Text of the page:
Please use this identifier to cite or link to this item: http://hdl.handle.net/10397/25306
Title: A narrative inquiry into the Hong Kong Chinese adults' concepts of health through their cultural stories
Authors: Chan, EA 
Cheung, K 
Mok, E 
Cheung, S
Tong, E
Keywords: Chinese adult
Culture
Health
Hong Kong
Narrative
Issue Date: 2006
Publisher: Elsevier
Source: International journal of nursing studies, 2006, v. 43, no. 3, p. 301-309 How to cite?
Journal: International journal of nursing studies 
Abstract: Background: Abundant studies have investigated how health concepts held by individuals shape and are shaped by psychosocial and cultural factors, though many were limited to the conceptual level. The meaning and significance of health behaviours are better understood as an expression of something occurring over time. Objectives: This narrative study explores how Hong Kong Chinese adults understand the meaning of health and the ways by which they construct and express these meanings in their lives. Additionally, by recognizing the central features of temporality, personal-social interactions within a place/culture in narrative thinking, this narrative inquiry may help health-care professionals to revisit the meaning of health promotion within the context of an individual's life situation. Methods: Five participants were recruited for the study. Data were collected through a series of audio-taped unstructured interviews and conversations with each participant. Results: Findings underscore several features of participants' concepts and expressions of health: the significance of Confucian teachings on roles and responsibilities, Eastern view of self, Western biomedical orientation, and Hong Kong's unique work culture. Their responses not only express the attitudes and behaviours of individuals, but also the ways they engage in their constructed identity. Conclusion: Participants' concepts of health evolved over time according to the personal meanings attached to them at various life stages. While participants recognized the interconnectedness of the mind and body, the physical foci of traditional Western medicine remained salient in their health stories. Furthermore, there is a clear delineation of personal management of the psychological health and professional management of physical health.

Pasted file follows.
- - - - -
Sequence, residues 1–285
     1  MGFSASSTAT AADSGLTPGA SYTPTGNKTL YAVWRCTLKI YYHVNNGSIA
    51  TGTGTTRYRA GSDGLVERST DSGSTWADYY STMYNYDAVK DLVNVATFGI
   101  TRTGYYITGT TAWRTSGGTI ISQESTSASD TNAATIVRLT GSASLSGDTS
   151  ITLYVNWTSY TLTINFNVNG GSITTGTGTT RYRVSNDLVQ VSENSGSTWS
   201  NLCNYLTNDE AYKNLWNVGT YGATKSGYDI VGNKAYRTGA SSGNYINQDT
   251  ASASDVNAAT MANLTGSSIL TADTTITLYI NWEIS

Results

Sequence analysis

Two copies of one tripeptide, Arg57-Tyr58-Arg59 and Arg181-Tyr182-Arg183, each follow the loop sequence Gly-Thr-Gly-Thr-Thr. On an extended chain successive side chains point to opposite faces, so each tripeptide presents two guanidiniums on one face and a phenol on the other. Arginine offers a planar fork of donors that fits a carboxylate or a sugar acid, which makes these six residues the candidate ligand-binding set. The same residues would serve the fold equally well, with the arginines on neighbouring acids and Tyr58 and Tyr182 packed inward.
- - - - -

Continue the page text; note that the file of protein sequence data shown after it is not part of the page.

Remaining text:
URI: http://hdl.handle.net/10397/25306
ISSN: 0020-7489
EISSN: 1873-491X
DOI: 10.1016/j.ijnurstu.2005.06.001
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